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Potato Mushroom Tart

This potato mushroom tart recipe is from the cookbook, Gluten-Free Girl and the Chef

Author Shauna James Ahern notes:

Almost everybody loves mushrooms, but most people think mushrooms mean button mushrooms or those god-awful mushrooms from a can. If you haven’t experienced anything but those, then portobello, or shiitake, or cremini mushrooms can seem like wild mushrooms.

But true wild mushrooms live in the forests. And luckily for us, at the farmers’ markets. Lobster mushrooms, cauliflower mushrooms, morels, hen of the woods, matsutakes, black trumpet mushrooms in the winter. There are so many to explore.

Making this tart gives you the chance to explore. We’ve specified portobello mushrooms for this recipe, only because we know that folks outside of the Pacific Northwest don’t have the easy access to wild mushrooms that we do. Feel free to substitute any mushroom that is in season.

Mushroom tarts are standard in classical French cuisine. But I love mushrooms and potatoes together, from their connection of having been raised in the earth.

Potato Mushroom Tart - www.cooksandbooksandrecipes.com

Potato Mushroom Tart
Photo credit: Lara Ferroni

Cooks&Books&Recipes Editors’ Notes:

I hope Shauna and Danny will forgive me, but since I don’t follow a gluten-free diet and since I’m not a baker, I used prepared puffed pastry sheets for the tart shell. (I would love to get feedback/comments on this tart recipe from gluten-free cooks.) The wild mushrooms (we used morels, cremini, and portobello), heavy cream, and fresh herbs turned this weekday, made-at-home meal into a decadent, chef-quality splurge.


Potato-Mushroom Tart

Featured Recipe From: Gluten-Free Girl and the Chef: A Love Story with 100 Tempting Recipes

Yield: Feeds 8 to 10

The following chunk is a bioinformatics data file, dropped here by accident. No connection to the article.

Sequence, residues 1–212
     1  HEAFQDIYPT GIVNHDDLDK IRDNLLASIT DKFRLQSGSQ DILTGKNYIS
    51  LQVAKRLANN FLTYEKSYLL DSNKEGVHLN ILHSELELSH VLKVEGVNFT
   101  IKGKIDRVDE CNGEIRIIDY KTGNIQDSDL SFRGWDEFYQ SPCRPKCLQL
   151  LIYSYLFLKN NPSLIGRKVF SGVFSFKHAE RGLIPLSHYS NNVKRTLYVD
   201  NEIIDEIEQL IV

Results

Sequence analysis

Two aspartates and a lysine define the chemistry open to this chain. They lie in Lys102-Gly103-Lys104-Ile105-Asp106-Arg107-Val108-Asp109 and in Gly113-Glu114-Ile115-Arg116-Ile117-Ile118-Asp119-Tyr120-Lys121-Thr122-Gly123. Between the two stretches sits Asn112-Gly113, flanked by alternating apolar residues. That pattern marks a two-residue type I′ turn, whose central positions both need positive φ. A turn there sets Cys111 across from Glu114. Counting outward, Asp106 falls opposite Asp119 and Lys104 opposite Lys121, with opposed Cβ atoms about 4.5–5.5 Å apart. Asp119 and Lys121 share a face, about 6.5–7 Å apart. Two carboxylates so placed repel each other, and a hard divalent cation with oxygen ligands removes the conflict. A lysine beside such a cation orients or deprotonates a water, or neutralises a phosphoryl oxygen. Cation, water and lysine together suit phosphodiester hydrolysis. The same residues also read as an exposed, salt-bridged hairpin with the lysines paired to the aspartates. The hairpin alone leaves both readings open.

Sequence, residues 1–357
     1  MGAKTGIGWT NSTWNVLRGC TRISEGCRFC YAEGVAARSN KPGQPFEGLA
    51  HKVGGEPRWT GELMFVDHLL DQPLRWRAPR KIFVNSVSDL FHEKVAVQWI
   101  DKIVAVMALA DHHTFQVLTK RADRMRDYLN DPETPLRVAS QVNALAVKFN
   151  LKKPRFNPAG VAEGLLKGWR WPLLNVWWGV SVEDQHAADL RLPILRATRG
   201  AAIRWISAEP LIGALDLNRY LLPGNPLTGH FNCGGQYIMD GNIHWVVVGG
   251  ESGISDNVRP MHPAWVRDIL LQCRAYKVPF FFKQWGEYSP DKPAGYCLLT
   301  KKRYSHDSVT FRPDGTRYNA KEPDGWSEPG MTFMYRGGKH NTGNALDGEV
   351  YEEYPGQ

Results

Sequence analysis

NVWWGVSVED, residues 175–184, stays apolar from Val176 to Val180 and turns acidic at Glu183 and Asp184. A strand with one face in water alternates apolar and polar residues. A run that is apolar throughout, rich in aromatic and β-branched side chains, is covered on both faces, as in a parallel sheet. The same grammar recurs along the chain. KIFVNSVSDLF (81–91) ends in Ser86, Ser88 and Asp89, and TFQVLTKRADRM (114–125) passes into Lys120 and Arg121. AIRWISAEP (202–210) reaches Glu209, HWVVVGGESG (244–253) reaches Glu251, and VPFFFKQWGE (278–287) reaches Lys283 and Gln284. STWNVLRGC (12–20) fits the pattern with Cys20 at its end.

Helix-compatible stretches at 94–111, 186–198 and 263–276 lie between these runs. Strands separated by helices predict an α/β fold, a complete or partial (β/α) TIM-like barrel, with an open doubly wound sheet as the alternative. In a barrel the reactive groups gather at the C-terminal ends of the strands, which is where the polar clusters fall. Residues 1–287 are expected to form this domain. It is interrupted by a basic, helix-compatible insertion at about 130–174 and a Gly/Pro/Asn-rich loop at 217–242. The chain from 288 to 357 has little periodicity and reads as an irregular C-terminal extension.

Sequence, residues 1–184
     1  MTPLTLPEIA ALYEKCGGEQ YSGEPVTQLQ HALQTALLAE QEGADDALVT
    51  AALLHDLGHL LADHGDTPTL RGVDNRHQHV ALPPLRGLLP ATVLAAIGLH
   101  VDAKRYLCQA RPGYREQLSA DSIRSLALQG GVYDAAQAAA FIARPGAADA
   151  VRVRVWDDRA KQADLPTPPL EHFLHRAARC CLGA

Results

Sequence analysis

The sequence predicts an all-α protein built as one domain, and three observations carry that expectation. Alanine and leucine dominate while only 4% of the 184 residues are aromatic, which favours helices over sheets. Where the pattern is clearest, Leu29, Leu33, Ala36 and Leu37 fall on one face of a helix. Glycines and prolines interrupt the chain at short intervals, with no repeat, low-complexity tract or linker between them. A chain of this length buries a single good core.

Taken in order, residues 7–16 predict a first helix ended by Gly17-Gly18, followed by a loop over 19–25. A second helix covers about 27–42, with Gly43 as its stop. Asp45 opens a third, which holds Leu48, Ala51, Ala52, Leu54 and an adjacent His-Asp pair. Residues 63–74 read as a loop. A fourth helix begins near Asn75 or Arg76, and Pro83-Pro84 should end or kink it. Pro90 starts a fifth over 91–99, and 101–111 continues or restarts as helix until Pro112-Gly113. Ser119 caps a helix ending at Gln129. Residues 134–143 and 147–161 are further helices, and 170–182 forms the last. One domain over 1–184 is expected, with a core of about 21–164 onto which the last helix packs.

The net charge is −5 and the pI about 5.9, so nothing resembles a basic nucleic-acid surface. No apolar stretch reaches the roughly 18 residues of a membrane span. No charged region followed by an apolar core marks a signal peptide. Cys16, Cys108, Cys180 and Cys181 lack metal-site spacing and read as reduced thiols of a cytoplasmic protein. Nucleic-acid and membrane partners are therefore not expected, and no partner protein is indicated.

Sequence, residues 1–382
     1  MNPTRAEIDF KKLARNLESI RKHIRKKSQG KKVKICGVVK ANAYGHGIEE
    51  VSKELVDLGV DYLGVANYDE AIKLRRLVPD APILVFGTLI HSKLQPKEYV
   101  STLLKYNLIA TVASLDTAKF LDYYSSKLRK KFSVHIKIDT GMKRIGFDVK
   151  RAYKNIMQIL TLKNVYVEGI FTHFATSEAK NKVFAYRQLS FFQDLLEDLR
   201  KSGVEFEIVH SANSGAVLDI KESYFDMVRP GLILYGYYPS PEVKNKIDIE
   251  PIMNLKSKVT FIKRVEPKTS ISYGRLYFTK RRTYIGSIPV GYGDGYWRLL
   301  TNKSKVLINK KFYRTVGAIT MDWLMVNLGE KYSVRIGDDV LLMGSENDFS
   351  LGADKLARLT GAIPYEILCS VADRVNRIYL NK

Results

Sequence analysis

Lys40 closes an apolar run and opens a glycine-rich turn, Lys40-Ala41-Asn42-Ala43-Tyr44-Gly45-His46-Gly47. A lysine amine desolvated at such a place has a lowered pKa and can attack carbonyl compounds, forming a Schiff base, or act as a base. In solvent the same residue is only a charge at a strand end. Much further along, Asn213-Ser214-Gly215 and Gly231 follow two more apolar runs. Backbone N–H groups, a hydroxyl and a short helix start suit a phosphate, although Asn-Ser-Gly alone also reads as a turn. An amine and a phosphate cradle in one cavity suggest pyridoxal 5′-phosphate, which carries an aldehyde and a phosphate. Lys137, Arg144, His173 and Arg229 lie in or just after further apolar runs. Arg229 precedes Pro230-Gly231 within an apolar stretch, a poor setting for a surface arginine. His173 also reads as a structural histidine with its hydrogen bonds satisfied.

• 3 to 4 large portobello mushrooms
  • 4 tablespoons extra-virgin olive oil
  • Kosher salt and cracked black pepper
  • 2 cups heavy cream
  • 10 cloves garlic, peeled, 6 of them smashed and 4 thinly sliced
  • 2 teaspoons finely chopped fresh rosemary and thyme combined, stems set aside
  • 1 bay leaf
  • Small pinch freshly grated nutmeg
  • 3 large eggs
  • 2 cups thickly sliced button mushrooms
  • 3 shallots, peeled and thinly sliced
  • 1/2 white part of 1 leek, thinly sliced
  • Kosher salt and cracked black pepper
  • 1 Tart Shell, unbaked, in a tart shell pan (recipe below)
  • 3 medium russet potatoes, peeled and grated, squeezed to remove excess water
  • 1/4 cup freshly grated Parmesan cheese


  • 1/2 cup (63.5g/2.2oz) sorghum flour
  • 1/2 cup (60g/2 oz) tapioca flour
  • 1/2 cup (96g/3.4 oz) potato starch
  • 1/2 cup (102g/3.4 oz) sweet rice flour
  • 1/4 teaspoon salt
  • 8 tablespoons (1 stick) frozen butter
  • 1 large egg
  • 1/4 cup ice-cold water
  • Butter for greasing pan


Preparing the portobellos

Preheat the oven to 450°F. Stem the portobellos and remove the gills. Toss with 2 tablespoons of the oil and some salt and pepper. Place on a baking sheet and bake the mushrooms until they are sizzling and beginning to wilt, 5 to 6 minutes.

Heating the cream

Combine the cream, the smashed garlic cloves, 1/2 teaspoon each of salt and pepper, the stems of the rosemary and thyme, the bay leaf, and the nutmeg in a large saucepan over medium heat and cook, stirring, until the cream boils. Take the pan off the heat and allow the cream to steep for 2 to 3 minutes.

Tempering the eggs

In a bowl, whisk the eggs together. Pour 1/2 cup of the cream mixture into the eggs, whisking continuously. When that mixture is fully combined, slowly pour the remaining cream mixture into the eggs, whisking continuously. Pour the custard through a strainer and set it aside.

Sauteing the mushrooms